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Spaghetti Aglio e Olio with Roasted Brussels Sprouts. This is from the Food Lab cookbook, though it’s called pasta with three kinds of garlic, or something along those lines, but it was great. I’m sorry the recipe isn’t online- Lopez-Alt is the master of taking the same ingredients anyone would use for a classic recipe and handling them in a new way that makes it so much better than the swill I would throw together on my own.

I’m doing a free month of a meditation program. I didn’t know anything about meditation, and what it involved beyond sitting somewhere quiet with your eyes closed. What do you do while you’re sitting there quietly? I’m a bit behind already, but I did the second day on Friday, after the kids had gone to bed. It was a hearing meditation exercise, and I was instructed to listen to the sounds that were all around me, to take them in without judging them, to simply notice them and let them wash over me. Adelaide, our elderly boxer, spent the duration of this exercise at the foot of my bed snoring, farting, and then licking herself with her giant floppy tongue.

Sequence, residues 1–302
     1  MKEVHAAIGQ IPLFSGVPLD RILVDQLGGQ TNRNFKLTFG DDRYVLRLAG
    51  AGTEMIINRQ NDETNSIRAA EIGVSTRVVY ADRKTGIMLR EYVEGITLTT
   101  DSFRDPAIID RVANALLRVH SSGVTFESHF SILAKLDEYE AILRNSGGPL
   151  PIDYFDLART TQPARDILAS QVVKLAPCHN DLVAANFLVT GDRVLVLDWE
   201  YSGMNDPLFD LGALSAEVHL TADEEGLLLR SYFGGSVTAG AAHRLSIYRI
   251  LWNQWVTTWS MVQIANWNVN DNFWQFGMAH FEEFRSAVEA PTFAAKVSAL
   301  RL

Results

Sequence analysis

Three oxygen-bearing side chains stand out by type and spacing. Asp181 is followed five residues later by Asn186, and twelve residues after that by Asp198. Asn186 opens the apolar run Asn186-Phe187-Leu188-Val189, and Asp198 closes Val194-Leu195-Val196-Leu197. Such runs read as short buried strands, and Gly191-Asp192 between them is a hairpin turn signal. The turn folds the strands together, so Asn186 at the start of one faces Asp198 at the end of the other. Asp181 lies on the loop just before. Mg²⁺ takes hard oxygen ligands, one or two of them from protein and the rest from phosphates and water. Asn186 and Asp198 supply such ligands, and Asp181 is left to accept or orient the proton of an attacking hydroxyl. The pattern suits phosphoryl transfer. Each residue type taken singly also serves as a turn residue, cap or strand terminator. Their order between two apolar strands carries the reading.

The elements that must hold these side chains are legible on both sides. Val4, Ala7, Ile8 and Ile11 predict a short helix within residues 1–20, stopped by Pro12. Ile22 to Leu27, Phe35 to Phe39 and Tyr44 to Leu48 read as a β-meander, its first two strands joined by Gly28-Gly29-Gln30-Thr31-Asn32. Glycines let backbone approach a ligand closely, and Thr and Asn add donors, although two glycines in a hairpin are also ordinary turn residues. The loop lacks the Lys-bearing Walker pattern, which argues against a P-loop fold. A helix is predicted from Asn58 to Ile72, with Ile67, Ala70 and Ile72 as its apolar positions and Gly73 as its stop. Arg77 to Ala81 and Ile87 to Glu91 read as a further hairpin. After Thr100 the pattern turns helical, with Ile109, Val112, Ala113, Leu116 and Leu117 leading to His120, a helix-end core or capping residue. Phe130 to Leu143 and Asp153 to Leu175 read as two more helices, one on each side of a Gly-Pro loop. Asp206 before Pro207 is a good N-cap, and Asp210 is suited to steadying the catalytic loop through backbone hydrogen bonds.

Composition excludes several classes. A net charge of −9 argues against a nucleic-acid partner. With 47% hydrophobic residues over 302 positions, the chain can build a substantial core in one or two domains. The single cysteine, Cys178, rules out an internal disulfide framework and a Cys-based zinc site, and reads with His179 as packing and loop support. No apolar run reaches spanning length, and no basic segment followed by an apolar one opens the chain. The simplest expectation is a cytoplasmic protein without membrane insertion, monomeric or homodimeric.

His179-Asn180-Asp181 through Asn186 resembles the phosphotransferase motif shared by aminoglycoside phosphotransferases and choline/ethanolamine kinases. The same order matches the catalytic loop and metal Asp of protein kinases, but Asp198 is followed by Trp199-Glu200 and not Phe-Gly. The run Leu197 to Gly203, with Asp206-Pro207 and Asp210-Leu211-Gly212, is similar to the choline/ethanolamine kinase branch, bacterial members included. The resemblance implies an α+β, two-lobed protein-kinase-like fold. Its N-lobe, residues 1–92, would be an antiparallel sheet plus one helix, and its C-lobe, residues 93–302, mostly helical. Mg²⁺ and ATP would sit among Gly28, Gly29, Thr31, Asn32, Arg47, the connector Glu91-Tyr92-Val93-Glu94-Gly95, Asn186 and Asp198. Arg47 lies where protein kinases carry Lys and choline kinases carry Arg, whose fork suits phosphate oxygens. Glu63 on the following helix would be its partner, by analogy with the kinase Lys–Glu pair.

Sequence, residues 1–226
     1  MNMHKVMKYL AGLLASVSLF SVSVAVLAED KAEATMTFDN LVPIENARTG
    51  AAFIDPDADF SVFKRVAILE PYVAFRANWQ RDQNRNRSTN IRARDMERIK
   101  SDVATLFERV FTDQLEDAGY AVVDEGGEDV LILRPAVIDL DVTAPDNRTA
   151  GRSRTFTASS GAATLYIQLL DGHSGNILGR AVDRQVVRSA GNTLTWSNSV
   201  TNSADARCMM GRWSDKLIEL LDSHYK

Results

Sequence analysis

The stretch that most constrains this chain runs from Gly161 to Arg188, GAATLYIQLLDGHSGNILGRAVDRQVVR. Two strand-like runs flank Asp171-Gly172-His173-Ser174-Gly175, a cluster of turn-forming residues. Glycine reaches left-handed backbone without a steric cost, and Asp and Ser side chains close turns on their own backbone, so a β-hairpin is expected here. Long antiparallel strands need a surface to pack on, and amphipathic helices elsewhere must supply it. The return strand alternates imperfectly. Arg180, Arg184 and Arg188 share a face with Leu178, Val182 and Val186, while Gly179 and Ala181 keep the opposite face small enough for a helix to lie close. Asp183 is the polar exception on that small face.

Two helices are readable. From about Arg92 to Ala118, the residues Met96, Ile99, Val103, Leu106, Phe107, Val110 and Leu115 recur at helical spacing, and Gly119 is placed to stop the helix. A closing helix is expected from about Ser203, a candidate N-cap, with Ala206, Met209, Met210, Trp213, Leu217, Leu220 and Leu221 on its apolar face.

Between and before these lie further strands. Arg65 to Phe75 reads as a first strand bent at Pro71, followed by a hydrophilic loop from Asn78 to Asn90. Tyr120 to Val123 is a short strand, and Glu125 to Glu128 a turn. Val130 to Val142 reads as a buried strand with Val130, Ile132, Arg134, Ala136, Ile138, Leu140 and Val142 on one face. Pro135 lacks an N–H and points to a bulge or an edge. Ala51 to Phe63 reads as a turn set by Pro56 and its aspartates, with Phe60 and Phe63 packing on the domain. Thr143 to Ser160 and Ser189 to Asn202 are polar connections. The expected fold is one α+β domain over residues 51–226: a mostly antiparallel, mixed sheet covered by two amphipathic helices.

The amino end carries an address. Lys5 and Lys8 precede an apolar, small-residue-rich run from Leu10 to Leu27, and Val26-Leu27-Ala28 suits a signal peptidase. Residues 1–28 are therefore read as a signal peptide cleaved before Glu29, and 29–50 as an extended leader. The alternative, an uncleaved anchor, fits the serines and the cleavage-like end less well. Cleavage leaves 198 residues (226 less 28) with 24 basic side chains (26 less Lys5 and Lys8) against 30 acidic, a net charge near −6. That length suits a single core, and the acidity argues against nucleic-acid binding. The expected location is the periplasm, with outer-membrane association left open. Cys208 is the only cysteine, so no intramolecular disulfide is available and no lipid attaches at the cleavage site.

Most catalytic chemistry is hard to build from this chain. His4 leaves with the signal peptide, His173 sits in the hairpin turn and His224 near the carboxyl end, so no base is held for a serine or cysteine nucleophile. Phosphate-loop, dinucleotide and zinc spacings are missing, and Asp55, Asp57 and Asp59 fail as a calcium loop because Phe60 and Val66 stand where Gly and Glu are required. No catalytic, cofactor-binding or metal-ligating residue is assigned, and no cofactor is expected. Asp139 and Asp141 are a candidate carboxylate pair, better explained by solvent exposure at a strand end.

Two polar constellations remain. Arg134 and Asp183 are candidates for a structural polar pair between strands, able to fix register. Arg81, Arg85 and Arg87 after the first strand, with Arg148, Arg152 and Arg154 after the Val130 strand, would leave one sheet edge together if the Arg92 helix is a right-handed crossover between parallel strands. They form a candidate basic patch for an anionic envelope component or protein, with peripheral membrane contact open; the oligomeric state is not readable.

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Super Bowl Fare. Meats and Cheese, Fruit, Cheesy Beer Muffins, Korean Fried Chicken Wings. We watched the Super Bowl and ate snacks in front of the TV. The kids were enraptured. They loved the game, they loved Lady Gaga, who they were surprised to find wasn’t a baby, and they loved getting to stay up past their bedtime to watch TV. These wings are delicious. I skipped the red pepper flakes because the kids were eating them, but there’s a full cup of sliced ginger steeped in the basting sauce, which lends a delightful, kid-friendly, spiciness to the wings. It was fun and sticky and fun.

That was our week! Some of it! For those of you who have asked about our insurance and my lady parts, two random bits of housekeeping: We still don’t know what’s happening with our insurance. We have been assured that people somewhere are working on it. Someone said we’d be covered for January. We don’t know if the new plan costs a trillion dollars or basically anything else about what’s going on. I went off birth control and had a normal period this month that lasted about a week like a normal human woman!

I’m off to meditate on how to be my best and most Diana Kennedy-like self while listening to the sound of dog farts. See ya next week.

Blueberry Pop Tarts, Dinner and a Show at Botika in San Antonio